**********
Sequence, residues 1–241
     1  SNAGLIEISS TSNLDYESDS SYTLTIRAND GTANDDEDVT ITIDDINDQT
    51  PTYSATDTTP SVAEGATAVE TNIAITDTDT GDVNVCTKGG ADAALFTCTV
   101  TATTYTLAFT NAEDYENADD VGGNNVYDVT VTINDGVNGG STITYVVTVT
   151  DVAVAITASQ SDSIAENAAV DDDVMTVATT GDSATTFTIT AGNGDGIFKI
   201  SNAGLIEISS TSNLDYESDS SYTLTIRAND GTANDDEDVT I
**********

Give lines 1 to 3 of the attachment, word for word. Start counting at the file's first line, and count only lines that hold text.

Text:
Sequence, residues 1–241
     1  SNAGLIEISS TSNLDYESDS SYTLTIRAND GTANDDEDVT ITIDDINDQT
    51  PTYSATDTTP SVAEGATAVE TNIAITDTDT GDVNVCTKGG ADAALFTCTV